‘This book reasserts Milligan’s centrality in the intellectual battle to imagine the sort of radically different Ireland which might arise if Ireland achieved true independence. Milligan is a fascinating figure ... Morris’s book shows her as a dynamo … Morris is superb at placing Milligan’s changing ideas within the context of other activists in the revival movement … Crusading in its zeal, yet impressively researched and impassionedly argued, Morris’s book restores Milligan to a central role in the debates of those years, and in doing so Morris re-examines Ireland’s Cultural Revival and the gap between the nation it envisaged and the dour state which came into existence', Dermot Bolger , The Sunday Independent (Sunday 26 February 2012).
‘[Milligan’s] complex identity represents a challenge to all received categories of thought, nationalist as well as unionist, republican as well as loyalist, feminist as well as Fabian. Like all who have a gift for explanation rather than simplification, she felt finally at home “nowhere”, dying without possessions or fanfare. Yet she did more than most of her brilliant generation to expand the expressive freedom of citizens, and even in today’s Ireland we are still learning how to be her contemporaries. Morris’s book is a feat of astonishing research, at once an act of historical rehabilitation and of audacious interpretation’, Declan Kiberd, Irish Times (Saturday 10 March 2012).
‘[Milligan’s] whole life was informed by her mission to make a difference and to make the connection between responsibility and action. And act she did … As a republican activist all her life, her involvement spanned the period from the mid 1890s, the 1898 centenary of the 1798 Rebellion, the struggle for Independence of 1916 through to the Civil War … it is as much her role in what has come to be called the Irish Literary Revival and in the work of the Gaelic League that her enduring mark is made … She threw herself into the Irish language movement … This profound work by Catherine Morris is detailed, well referenced and does some considerable service to current debate. Most of all it affords the reader a view of Ireland and the North before the “carnival of reaction” (in both Southern and Northern sectarian States) that Connolly predicted would be the enduring legacy of partition. In doing so it also offers a glimpse of the possibility of a better, more inclusive future on the whole island … a book which not only remembers a great Irish woman but is one to inform and above all to inspire', Michael Halpenny, Liberty (March 2012).
‘This biography describes [Milligan’s] role in the Irish cultural revival period, 1891–1921, focusing on popular expressions of the cultural revival, not just theatre and literature. Of special interest is discussion of Milligan’s use of visual and performance arts, such as photography, street parades and magic lantern shows, as advocacy and education methods. The book includes a wealth of b&w historical photos and illustrations, about 90 in total', Reference & Research Book news (April 2012).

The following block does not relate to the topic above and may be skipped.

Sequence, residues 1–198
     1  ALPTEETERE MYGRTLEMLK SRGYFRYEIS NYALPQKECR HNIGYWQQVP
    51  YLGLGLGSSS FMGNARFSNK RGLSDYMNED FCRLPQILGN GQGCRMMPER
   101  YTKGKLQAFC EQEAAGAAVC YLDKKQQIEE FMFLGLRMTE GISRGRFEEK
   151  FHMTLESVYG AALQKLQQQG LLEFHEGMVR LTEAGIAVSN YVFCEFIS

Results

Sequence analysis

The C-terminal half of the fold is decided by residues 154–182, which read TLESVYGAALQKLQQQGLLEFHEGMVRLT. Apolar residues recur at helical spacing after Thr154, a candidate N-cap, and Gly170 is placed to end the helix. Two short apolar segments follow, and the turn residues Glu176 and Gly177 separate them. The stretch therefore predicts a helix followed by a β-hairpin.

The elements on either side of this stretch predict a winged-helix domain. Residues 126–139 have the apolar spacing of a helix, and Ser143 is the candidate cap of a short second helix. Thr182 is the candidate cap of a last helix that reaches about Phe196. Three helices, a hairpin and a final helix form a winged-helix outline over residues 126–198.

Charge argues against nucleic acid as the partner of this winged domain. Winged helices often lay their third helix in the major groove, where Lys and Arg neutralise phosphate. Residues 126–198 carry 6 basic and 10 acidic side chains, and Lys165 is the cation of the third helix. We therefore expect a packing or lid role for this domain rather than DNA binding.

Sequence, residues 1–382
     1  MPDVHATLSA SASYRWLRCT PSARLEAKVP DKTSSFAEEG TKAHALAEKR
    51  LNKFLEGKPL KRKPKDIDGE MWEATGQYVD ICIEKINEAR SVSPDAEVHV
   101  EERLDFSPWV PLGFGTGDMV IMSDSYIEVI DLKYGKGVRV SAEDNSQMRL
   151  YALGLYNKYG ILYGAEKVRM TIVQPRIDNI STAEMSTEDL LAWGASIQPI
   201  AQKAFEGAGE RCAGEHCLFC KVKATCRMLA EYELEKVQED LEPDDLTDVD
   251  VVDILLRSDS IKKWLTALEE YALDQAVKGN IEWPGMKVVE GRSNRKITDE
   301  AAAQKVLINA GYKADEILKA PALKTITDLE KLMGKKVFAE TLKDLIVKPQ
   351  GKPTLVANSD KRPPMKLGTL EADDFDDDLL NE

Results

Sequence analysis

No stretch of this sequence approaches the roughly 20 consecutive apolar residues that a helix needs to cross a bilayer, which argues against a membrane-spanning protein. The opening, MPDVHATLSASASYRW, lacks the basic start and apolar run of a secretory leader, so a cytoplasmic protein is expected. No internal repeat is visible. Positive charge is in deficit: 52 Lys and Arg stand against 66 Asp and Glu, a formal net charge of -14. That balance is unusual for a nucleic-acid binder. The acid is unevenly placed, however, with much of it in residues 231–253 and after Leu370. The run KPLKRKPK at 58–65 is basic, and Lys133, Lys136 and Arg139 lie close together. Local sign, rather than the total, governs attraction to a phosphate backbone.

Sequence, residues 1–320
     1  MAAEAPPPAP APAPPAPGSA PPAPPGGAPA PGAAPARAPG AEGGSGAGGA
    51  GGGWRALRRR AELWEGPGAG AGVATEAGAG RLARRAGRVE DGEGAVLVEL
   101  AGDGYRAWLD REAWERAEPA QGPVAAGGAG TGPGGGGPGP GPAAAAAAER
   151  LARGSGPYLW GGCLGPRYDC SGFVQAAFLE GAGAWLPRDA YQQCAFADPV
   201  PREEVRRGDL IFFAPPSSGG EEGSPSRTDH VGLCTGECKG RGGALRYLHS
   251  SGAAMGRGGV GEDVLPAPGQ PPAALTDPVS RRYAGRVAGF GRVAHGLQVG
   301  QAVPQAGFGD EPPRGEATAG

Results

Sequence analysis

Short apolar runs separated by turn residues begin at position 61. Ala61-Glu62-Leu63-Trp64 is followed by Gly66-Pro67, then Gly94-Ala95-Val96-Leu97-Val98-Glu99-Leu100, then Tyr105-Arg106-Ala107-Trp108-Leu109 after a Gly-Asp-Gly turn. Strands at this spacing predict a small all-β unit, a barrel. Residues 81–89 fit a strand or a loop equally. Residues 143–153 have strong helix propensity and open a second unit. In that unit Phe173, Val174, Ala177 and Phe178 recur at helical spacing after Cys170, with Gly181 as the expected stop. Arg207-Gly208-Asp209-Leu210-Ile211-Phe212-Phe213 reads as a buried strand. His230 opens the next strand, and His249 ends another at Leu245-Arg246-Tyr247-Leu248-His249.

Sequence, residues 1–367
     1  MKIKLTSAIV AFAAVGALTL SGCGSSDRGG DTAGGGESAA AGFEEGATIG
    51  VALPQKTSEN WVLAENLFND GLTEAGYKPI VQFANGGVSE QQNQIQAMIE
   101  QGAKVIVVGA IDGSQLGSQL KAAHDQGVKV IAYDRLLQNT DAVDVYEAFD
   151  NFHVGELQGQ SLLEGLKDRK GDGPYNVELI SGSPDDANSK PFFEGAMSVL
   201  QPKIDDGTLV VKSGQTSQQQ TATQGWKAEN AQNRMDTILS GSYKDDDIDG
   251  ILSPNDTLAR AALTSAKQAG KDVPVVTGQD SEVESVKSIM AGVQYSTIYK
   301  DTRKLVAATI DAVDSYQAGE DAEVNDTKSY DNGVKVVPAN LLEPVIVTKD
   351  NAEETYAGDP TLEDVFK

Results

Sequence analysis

‘The volume contains a stunning collection of colour plates of decorated book covers, some of Milligan’s sketches for theatrical costume designs and commemorative postcards produced in 2011 for International Women’s Day … This monograph crowns a striking scholarly contribution by Catherine Morris that was inaugurated with an exhibition at the National Library of Ireland', Angus Mitchell, History Ireland (Nov/Dec 2012).
‘Catherine Morris’ study analyses Milligan’s contribution to the Irish Cultural Revival as journalist, novelist and activist, giving a detailed account of al her feminist and nationalist activities during the 1890s … with her enthusiasm and persistence in managing to locate the writer’s archive, and relevant correspondence, she has constructed a striking, multilayered account of Milligan’s long career, generously illustrated throughout, and including delightful sketches from personal diaries, photographs and Milligan’s costume designs for theatre', Hilary Pyle, Irish Arts Review (Summer 2012).
'I fell on this book like a ravening wolf and came away well satisfied … in the picture on the cover she looks a feisty little number … she was amazingly productive … She was amazingly productive … She was an acquaintance of Yeats, Pearse, Connolly, Douglas Hyde, George Russell – all the leading figures in politics and the arts of her day … Morris’ book crams in a wealth of detail about and quotation from this extraordinary woman. Feminist, journalist, republican, psychic, novelist, poet: from the early 1890s to the 1940s, Milligan worked tirelessly to re-awaken the radical Protestant republican tradition of Wolfe Tone … An absorbing biography', Jude Collins, Irish Echo (16 May 2012).